This statement points to a fundamental gap between US thinking on IS and Israel's approach, particularly with regard to Iraq and, indirectly but significantly, to Iran. As we shall see with reference to last week's Q & A, to a considerable extent Israel's views on these issues are shared by pro-western Sunni Arab neighbors like Jordan and Saudi Arabia.
Having invested so much blood and treasure in a democratic Iraq with a functioning army, Washington is deeply committed to holding that country together under democratically-elected Shiite majority rule and reconstituting its army. Accordingly, it seeks to co-opt the participation of Iraqi Sunnis (some 20 percent of the population who live mainly in Baghdad and to its north) in defending the country, and it opposes Iraqi Kurdish independence. The US is also involved in nuclear negotiations with neighboring Iran in a major attempt to facilitate a gradual strategic rapprochement with that country.
In stark contrast, Israel views Shiite-ruled Iraq as a dangerous gateway for Iran to access Syria and Lebanon, link up with the friendly Alawite regime in Syria and with Hezbollah in Lebanon, seek hegemony in the Levant and access to the Mediterranean, and threaten Israel itself. It supports an independent Kurdistan as an expression both of a dismantled Iraq that is less likely to facilitate Iranian designs and of the legitimate right of the non-Arab peoples of the region, like Israel itself, to self-determination. Jerusalem is also notoriously suspicious of the direction a nuclear agreement with Iran is likely to take.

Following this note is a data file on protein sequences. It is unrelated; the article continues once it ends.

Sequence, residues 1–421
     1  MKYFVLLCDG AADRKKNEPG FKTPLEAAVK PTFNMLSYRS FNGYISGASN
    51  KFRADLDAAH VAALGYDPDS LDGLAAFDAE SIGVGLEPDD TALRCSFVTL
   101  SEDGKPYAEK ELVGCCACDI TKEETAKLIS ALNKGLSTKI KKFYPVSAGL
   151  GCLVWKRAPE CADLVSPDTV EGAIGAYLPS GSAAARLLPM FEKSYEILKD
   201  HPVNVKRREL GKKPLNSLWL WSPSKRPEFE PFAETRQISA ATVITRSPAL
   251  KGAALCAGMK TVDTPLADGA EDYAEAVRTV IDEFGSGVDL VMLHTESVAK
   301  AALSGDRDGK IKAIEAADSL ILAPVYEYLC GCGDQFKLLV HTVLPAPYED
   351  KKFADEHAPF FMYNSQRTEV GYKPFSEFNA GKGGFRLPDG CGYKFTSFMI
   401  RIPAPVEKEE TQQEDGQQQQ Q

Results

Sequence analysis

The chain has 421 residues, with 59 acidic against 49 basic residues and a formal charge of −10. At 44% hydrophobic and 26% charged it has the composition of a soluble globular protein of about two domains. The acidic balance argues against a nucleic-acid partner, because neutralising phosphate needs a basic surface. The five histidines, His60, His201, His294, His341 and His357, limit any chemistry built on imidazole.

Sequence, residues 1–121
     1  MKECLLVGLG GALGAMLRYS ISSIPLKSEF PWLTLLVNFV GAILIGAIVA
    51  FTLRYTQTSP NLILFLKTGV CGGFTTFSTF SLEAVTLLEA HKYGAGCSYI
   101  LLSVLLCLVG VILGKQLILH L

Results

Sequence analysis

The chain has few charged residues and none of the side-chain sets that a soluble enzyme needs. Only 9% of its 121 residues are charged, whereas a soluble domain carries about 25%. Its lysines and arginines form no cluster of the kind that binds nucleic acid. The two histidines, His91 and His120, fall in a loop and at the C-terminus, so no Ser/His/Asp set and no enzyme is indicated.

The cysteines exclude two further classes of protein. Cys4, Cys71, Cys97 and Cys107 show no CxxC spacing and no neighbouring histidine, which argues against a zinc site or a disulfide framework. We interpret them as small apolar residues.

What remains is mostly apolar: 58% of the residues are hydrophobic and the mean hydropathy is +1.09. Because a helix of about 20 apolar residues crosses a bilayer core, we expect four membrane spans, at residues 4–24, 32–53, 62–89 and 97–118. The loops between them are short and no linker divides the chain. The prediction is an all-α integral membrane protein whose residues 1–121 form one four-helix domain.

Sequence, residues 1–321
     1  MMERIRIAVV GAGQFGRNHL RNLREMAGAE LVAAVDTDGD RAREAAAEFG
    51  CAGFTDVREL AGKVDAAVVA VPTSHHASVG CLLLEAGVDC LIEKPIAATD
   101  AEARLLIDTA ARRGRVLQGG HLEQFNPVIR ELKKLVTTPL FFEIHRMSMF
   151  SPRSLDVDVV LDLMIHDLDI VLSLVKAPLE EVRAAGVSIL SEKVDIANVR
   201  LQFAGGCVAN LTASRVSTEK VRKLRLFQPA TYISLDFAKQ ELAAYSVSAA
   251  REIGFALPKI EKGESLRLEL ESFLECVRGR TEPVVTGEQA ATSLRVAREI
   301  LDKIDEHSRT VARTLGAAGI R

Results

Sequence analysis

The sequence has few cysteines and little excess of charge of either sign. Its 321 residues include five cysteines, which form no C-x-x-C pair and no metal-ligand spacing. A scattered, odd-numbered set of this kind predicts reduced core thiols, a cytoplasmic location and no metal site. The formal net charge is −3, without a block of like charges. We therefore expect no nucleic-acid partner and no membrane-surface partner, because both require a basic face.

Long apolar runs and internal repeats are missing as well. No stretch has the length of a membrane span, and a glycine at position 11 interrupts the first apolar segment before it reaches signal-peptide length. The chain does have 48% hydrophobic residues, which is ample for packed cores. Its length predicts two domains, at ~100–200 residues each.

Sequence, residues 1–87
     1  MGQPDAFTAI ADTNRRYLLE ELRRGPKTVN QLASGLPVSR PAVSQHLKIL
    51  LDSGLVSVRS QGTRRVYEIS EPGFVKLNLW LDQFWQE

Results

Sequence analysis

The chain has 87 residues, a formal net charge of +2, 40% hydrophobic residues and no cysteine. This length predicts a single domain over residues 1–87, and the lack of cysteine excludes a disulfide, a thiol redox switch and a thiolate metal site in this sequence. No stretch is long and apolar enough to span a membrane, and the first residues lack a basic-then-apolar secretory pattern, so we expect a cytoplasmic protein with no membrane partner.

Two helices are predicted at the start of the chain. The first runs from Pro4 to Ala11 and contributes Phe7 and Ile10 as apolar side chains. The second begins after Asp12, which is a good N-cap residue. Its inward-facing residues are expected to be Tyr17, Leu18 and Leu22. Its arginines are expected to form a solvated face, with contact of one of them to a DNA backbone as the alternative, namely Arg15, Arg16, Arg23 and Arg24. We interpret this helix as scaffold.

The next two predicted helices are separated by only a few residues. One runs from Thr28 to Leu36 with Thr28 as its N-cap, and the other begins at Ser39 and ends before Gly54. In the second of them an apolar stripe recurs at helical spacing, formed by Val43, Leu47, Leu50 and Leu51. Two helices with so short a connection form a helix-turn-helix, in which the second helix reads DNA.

Moving to Syria, the situation is more complex, if only because virtually all the sovereign state alternatives are equally problematic for both Israel and the US. Still, the US advocates the ultimate installation of a moderate regime throughout the entire country, while Israel holds out little hope that a dynamic moderate movement of Syrian nationalists can be created. Instead, looking at the present reality of a de facto division of the country between the equally barbaric Assad regime and IS, Israel is preoccupied with the need to keep both away from its borders. If this means sponsoring a relatively benign mini-state of some sort in southwest Syria, thereby further dismantling the post-Ottoman Syrian state, so be it.
Clearly, the US is at odds with some of its friends on this matter. The only question remaining is whether Yaalon was expressing wishful thinking about Iraq and Syria or accurately describing a new Middle East reality that Washington insists on ignoring.
Q. Egypt just closed its border with Gaza and postponed convening Israel-Hamas ceasefire talks by a month? Why, and what does this mean for a stable ceasefire?
A. Egyptian officials declare that these actions, along with the establishment of a "scorched earth" buffer zone along the Sinai border with Gaza, are retaliatory measures against Hamas for supporting unprecedented militant activity against Egypt in Sinai. Last Friday, Islamist militants in Sinai killed no fewer than 30 Egyptian troops--the worst attack thus far in Sinai and the deadliest against the Egyptian military in decades.
Egypt claims that initial investigations of the Sinai massacre, attributed to the Ansar Beit al-Maqdis Sinai-based Islamist opposition, point to the involvement of Muslim Brotherhood cadres trained and armed in eastern Libya and to the support of Hamas, via the few remaining secret tunnels that link Gaza and Sinai. The attack in Sinai involved a sophisticated series of car bombs and ambushes. Cairo responded on Sunday by closing the Rafah crossing between Sinai and Gaza and announcing it was considering the eviction of residents in the "most dangerous" Sinai villages. Egypt went into three days of mourning. Ansar Beit al-Maqdis has lately declared its allegiance to the Iraq-Syria-based Islamic State.